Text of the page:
Eggs, Dairy, Nuts, and Soy: Testing for Food Sensitivities with an ADHD Elimination Diet
Bad reactions to certain foods might exacerbate your child’s ADHD symptoms. Find out how you can identify the dietary culprit — while still making sure your child’s eating healthy and balanced foods.
When parents think of alternative approaches to managing ADHD — beyond taking medication — they may think of behavioral interventions, taking fish oil or vitamins. Sometimes, though, changing a child’s diet by detecting food sensitivity and eliminating the offending food can significantly improve ADHD symptoms.
Sean’s mom suspected that eggs made her eight-year-old explosive and unmanageable. His anger sometimes lasted a whole day. She wanted to know how to determine if Sean had food sensitivity, and how to correct it if he did. I talked with her about the other therapies Sean was trying. He was taking medication and working with a behavioral therapist. I told her that he could be sensitive to eggs or perhaps gluten, soy, or a host of other foods. I also told her that testing for and eliminating food sensitivities is not a stand-alone treatment. The approach should be part of a program that is used in conjunction with ADHD medication and other interventions.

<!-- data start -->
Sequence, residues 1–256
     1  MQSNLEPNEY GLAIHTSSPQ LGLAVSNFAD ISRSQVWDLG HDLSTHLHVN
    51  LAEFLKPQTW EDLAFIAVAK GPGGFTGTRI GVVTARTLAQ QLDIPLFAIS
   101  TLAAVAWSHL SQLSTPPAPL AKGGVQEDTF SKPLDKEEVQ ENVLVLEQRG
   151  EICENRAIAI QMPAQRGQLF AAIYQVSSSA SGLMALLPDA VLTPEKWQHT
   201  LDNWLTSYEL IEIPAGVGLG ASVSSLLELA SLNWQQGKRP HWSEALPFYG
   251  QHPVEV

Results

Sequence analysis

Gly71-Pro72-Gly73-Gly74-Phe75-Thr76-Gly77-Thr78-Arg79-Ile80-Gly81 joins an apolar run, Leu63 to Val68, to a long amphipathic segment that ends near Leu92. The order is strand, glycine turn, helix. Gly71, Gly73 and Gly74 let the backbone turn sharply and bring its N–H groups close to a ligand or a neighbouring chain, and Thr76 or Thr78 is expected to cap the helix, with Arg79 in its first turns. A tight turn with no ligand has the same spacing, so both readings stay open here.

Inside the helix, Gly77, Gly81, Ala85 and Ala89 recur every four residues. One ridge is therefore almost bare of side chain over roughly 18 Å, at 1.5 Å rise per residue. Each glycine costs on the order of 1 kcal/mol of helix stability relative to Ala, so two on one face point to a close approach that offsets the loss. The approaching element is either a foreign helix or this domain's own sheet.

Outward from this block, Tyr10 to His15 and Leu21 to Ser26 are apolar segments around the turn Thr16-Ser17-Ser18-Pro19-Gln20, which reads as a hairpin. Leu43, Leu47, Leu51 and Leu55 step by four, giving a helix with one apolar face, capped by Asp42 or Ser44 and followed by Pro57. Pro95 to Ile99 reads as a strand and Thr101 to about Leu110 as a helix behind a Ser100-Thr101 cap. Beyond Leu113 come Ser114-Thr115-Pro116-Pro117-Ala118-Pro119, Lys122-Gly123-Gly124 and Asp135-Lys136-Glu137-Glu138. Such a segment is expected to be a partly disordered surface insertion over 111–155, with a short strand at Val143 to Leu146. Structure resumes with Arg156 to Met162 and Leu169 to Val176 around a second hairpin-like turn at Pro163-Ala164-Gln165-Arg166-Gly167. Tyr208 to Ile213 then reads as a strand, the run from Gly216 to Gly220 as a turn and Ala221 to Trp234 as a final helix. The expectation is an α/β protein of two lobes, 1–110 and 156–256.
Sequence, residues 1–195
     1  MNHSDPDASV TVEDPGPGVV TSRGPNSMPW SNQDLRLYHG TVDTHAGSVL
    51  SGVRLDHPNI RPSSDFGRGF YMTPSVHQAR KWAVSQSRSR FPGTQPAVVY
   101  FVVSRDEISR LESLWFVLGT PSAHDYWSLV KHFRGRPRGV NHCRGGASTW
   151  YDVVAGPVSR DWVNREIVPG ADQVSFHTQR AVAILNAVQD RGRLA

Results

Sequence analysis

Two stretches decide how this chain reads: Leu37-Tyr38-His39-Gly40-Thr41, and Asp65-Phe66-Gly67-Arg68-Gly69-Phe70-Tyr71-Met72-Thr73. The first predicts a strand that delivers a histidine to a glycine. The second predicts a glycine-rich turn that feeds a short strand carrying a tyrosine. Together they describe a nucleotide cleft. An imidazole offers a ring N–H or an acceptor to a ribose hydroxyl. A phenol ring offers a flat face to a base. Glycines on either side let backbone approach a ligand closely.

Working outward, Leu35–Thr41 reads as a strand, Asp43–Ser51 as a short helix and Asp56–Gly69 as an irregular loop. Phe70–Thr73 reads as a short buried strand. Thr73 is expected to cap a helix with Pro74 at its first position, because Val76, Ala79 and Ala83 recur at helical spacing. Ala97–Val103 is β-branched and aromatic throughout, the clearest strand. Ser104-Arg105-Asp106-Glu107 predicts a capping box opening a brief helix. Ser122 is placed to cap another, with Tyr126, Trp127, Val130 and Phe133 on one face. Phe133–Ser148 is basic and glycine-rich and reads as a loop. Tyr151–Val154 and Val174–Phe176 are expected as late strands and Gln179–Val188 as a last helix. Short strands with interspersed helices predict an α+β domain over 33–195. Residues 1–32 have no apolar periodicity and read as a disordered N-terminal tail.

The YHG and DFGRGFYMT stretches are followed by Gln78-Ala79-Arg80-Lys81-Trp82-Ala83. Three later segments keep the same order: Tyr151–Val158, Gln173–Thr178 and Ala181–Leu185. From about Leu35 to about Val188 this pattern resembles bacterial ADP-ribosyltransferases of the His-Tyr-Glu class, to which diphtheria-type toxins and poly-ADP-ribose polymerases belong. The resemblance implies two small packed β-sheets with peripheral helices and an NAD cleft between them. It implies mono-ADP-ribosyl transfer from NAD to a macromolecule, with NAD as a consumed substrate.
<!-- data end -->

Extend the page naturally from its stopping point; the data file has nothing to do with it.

Sean turned out to be sensitive to gluten. When he strictly avoided foods that contained gluten, his ADHD symptoms significantly improved. When he accidentally consumed food that contained gluten, he had a noticeable negative reaction, which lasted for up to 24 hours. Although it was a lot of work for his mom to stay on top of the diet, she felt the results were worth the effort.
Food Sensitivity and ADHD